Given the following variant to the game of Nim:

  • The game begins with n-heaps of m-stones each.
  • The player, every turn, must remove either k-stones from a heap if the number of stones in that heap is greater or equal to k, or as many stones as he desires from any non-zero heap. The turn is then over.
  • Only two players can play the game, p1 always starts, p2 after him.
  • The player who removes the last stone, loses.

What would be, if any, the winning strategy?

Personal thoughts:

Given a player p must remove k-stones first if possible, at some point, after each player has removed k-stones n-times we will be left with heaps with each less than k-stones, possibly even empty.


$h1$ has 5 stones, $h2$ has 4 and $h3$ has 7 ($<5, 4, 7>$); each player will remove 3 stones per turn:

  • p1 starts, removes 3 stones from $h1$: $<2, 4, 7>$
  • p2's turn, removes 3 stones from $h2$: $<2, 1, 7>$
  • p1's turn, removes 3 stones from $h3$: $<2, 1, 4>$
  • p2's turn, removes 3 stones from $h3$: $<2, 1, 1>$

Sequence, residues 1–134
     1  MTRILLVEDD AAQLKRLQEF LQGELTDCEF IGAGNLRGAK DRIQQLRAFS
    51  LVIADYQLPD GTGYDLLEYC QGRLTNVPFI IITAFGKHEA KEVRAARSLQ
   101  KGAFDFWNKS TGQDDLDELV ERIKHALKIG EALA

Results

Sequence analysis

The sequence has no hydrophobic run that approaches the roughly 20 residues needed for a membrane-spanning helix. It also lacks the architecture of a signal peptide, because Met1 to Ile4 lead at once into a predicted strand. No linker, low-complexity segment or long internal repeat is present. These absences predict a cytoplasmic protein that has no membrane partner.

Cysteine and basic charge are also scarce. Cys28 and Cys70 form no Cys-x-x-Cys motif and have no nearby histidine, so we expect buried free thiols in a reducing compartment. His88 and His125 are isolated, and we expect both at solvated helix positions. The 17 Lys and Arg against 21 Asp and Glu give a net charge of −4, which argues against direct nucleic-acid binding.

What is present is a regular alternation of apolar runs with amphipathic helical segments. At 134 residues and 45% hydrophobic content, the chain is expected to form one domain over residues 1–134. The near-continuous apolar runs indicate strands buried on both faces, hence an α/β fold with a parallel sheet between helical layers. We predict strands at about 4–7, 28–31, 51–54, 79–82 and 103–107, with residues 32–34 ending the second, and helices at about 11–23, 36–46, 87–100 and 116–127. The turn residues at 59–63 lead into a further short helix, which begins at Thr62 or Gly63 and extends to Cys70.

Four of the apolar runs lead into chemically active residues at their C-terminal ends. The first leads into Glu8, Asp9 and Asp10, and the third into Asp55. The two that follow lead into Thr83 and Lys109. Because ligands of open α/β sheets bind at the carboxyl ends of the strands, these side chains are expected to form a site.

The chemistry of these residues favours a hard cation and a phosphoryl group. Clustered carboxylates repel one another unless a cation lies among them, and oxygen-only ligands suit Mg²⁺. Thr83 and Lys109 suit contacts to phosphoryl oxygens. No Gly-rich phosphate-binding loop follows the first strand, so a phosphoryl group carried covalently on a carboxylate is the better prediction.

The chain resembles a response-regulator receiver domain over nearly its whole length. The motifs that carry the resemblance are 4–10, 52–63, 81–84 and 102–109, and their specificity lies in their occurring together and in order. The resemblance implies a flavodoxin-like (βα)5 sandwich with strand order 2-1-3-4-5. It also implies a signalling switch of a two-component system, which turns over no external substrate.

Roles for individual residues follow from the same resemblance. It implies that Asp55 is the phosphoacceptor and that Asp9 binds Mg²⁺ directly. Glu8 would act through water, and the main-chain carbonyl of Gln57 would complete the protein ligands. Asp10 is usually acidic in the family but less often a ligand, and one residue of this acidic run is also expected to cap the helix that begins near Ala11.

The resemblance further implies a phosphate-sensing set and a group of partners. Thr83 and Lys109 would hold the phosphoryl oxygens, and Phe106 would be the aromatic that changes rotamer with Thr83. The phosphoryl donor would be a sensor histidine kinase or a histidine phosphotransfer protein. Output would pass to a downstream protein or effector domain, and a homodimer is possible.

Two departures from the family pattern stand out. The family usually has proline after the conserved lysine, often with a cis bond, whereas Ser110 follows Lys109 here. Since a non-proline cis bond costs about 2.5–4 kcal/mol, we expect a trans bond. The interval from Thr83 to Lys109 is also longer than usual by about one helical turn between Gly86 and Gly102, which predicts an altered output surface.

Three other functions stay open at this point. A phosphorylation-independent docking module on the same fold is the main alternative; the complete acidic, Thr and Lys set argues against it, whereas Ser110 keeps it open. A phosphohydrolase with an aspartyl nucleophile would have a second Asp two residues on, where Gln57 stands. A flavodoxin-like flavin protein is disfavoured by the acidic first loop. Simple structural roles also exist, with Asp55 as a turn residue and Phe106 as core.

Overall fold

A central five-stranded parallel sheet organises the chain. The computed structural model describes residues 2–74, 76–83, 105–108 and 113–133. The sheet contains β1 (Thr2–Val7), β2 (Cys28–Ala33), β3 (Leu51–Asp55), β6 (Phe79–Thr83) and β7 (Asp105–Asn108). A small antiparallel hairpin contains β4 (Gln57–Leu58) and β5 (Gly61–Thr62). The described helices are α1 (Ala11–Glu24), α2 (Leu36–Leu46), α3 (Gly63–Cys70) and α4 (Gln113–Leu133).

• p1's turn, removes 2 stones from $h1$: $<0, 1, 1>$
  • p2's turn, removes 1 stone, smelling victory, from $h2$: $<0, 0, 1>$
  • p1's turn, removes 1 stone from $h3$: $<0, 0, 0>$
  • p2 wins.

Given a situation in which the remaining heaps are, for example, $<4, 5, 6>$, and they may now remove how many stones they desire, what would be the optimal play for both of them?


1 Answer 1


Once all the heaps are below $k$ you are playing standard Nim and should use the usual strategy. In the $4,5,6$ case, the XOR of the three is $7$ and you should remove one stone from the $4$ heap, $3$ from the $5$ heap, or $5$ from the $6$ heap. For the whole game, you just count the parity of the number of $k$ moves that can be made because the order they are made doesn't matter. That tells you who goes first in the Nim game with all heaps less than $k$.


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